For healthcare professionals only.

This formulary decision guide was developed from content provided by Mead Johnson Nutrition in a format developed by Guidelines in Practice.

Key points

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Combined logos

  • CMA is the most common childhood food allergy affecting 2–7.5% of infants1
  • Key clinical guidelines recommend extensively hydrolysed formula (eHF) as first-line management for formula-fed infants with mild-to-moderate CMA2–4
  • Nutramigen* LGG® has demonstrated short-term (symptom relief),5-7 medium-term (accelerated return to milk[A]),8,9 and long‑term (reduced future allergic manifestations10[B] and functional gastrointestinal disorders11[C]) benefits.

Download a PDF of this formulary decision guide here

Product name

Nutramigen* 1, 2 & 3 LGG®

Indication

  • Nutramigen* LGG® is an eHF with LGG (probiotic) for dietary management of infants with CMA, providing age-adapted nutrition to support normal growth,12 symptom relief,5-7 and an accelerated return to milk vs other formula.9[A]

Feeding guide

Age

Nutramigen* LGG®

Tins per month

0–6 months

1

9–10

6–12 months

2

5–6

≥1 year

3

5

See tin label for detailed feeding guidance; HCP to determine the formula intake based on the individual situation

Preparation and storage

  • Wash hands; clean feeding utensils in water (≥10 minutes rolling boil)
  • Boil fresh water; as soon as possible cool to room temperature; do not use softened water
  • Add powder and shake for at least a minute until completely dissolved
  • Feed immediately or cover and store in a refrigerator at 2–4°C for ≤24 hours
  • Store tin in a cool, dry place; after opening, keep tightly covered and use within 1 month.

Precautions

  • Do not freeze prepared formula and do not use if unrefrigerated for >2 hours
  • Use formula that has been in contact with baby’s mouth within 1 hour and do not refrigerate
  • Do not heat prepared formula in a microwave.

Monitoring

  • Trial formula for up to 4 weeks to allow symptom recovery and formula acceptance2
  • To confirm diagnosis of non IgE mediated allergy, reintroduce milk and monitor whether symptoms return2[D]
  • Guidelines recommend eHF for formula-fed infants for up to 2 years or until allergy is outgrown13
  • ~50% of CMA infants remain allergic at 1 year of age with most reaching oral tolerance by the age of 3 years14
  • A ‘planned reintroduction’ by an HCP will determine whether tolerance to milk protein has been acquired.2[D]

About CMA

  • CMA is an adverse immune reaction to cow’s milk protein, presenting with immediate (IgE mediated) and/or delayed (non IgE mediated) symptoms4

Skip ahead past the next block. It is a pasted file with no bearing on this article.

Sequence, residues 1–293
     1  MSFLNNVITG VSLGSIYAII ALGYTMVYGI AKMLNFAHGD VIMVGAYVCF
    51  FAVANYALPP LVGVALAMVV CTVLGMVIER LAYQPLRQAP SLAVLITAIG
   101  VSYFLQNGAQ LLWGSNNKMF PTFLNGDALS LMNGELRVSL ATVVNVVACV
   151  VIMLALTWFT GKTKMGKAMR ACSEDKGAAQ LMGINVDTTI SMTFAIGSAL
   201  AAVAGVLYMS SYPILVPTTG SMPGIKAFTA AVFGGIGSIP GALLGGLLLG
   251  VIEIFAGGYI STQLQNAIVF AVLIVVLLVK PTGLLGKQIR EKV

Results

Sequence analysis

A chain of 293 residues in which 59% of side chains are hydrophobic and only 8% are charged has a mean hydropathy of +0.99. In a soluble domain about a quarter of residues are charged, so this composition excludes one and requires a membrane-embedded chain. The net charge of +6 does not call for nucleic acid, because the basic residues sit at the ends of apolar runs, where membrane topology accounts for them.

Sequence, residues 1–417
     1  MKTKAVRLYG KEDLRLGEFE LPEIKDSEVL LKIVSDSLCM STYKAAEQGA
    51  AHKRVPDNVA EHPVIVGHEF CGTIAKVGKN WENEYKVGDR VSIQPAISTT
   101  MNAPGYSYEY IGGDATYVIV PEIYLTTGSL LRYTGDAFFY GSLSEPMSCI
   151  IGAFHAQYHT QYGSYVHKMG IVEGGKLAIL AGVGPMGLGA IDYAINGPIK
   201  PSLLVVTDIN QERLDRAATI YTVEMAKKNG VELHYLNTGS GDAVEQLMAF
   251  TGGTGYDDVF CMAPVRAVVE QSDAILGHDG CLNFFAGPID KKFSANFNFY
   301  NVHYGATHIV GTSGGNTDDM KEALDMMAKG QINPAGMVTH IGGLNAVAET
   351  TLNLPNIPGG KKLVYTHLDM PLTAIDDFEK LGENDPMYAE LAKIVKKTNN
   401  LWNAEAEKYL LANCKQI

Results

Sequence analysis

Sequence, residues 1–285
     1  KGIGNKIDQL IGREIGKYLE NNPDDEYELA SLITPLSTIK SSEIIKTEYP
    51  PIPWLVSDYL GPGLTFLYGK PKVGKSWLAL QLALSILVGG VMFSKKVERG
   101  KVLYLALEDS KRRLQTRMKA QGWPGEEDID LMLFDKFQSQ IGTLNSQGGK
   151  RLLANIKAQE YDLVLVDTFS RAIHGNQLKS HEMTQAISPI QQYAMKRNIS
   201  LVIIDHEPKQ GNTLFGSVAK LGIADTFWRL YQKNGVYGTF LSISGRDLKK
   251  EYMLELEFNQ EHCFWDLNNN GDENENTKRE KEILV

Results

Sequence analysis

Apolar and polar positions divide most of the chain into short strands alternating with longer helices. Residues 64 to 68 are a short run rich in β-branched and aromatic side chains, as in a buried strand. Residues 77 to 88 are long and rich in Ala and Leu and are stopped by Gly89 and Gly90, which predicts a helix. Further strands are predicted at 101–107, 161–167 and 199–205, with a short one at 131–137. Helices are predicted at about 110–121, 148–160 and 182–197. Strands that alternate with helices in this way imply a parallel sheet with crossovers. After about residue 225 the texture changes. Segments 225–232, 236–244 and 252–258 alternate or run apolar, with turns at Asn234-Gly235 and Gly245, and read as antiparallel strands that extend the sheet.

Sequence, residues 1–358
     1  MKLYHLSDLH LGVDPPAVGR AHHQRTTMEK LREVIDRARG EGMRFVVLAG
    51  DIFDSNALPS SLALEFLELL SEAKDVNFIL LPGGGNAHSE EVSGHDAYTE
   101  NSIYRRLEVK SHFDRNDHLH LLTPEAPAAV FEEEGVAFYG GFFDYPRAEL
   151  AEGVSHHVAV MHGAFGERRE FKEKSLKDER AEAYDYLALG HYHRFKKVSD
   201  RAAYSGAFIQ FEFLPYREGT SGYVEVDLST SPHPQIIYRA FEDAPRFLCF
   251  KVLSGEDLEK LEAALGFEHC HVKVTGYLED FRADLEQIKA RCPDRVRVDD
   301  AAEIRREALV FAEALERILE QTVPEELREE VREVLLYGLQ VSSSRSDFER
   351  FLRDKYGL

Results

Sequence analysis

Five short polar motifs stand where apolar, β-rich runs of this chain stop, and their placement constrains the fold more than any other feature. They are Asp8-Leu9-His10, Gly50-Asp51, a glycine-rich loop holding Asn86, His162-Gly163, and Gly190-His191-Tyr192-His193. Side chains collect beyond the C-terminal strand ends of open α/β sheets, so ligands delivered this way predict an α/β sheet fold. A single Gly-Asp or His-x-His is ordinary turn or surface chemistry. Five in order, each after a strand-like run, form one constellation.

• Prevalence in infants is 2–7.5%1
  • Children with CMA have an increased risk of other allergic manifestations.10

Guideline recommendations

  • For formula-fed infants, expert guidelines recommend eHF for first-line management of mild-to-moderate CMA2,4
  • Hypoallergenic formulas (eHF and AAF) should be tolerated by 90% of children with CMA (with a 95% confidence interval). On average 10% of children with IgE-mediated CMA continue to react to an eHF. For those infants an AAF may be indicated.15

Evidence of use

  • Short-term: effective symptom relief:5-7
    • average clinical efficacy[E] of 99%3
  • Medium-term: faster oral tolerance acquisition:[A]
    • Approx 80% of infants return to milk after 12 months of use9
  • Long-term: reduction in future allergic manifestations:[B]
    • incidence of ≥1 other allergic manifestation (asthma, eczema, urticaria, rhinoconjunctivitis) reduced by ~50% as shown in Figure 1.10

Figure 1

Budgetary implications

  • Nutramigen* LGG® has been shown to be a cost-effective dietetic strategy, saving the NHS £497 over 3 years and £907 over 5 years per infant compared with an eHF alone.16[F]

Cautions

  • Not recommended for premature and immunocompromised infants unless directed and supervised by an HCP
  • Babies fed eHF may produce frequent loose stools of a greenish colour (not unusual)
  • eHF tastes different to routine formulas but is well accepted by young infants.

Order and contact information

UK pharmacy PIP order code

Nutramigen* LGG®
(400 g)

Age  

NHS price

019-8861

1

0-6 months

£11.21

298-7766

2

6‑12 months

£11.21

406-4325

3

≥1 year

£11.21

For queries or milk-free recipes, please call the Mead Johnson Careline 01895 230575 or visit www.nutramigen.co.uk

AAF=amino acid-based formula; CMA=cow’s milk allergy; eHF=extensively hydrolysed formula; HCP=healthcare professional; LGG=Lactobacillus rhamnosus GG. 

[A] vs an eHF without LGG® or formulas based on rice hydrolysate, soya, or amino acids after 12 months of dietary management;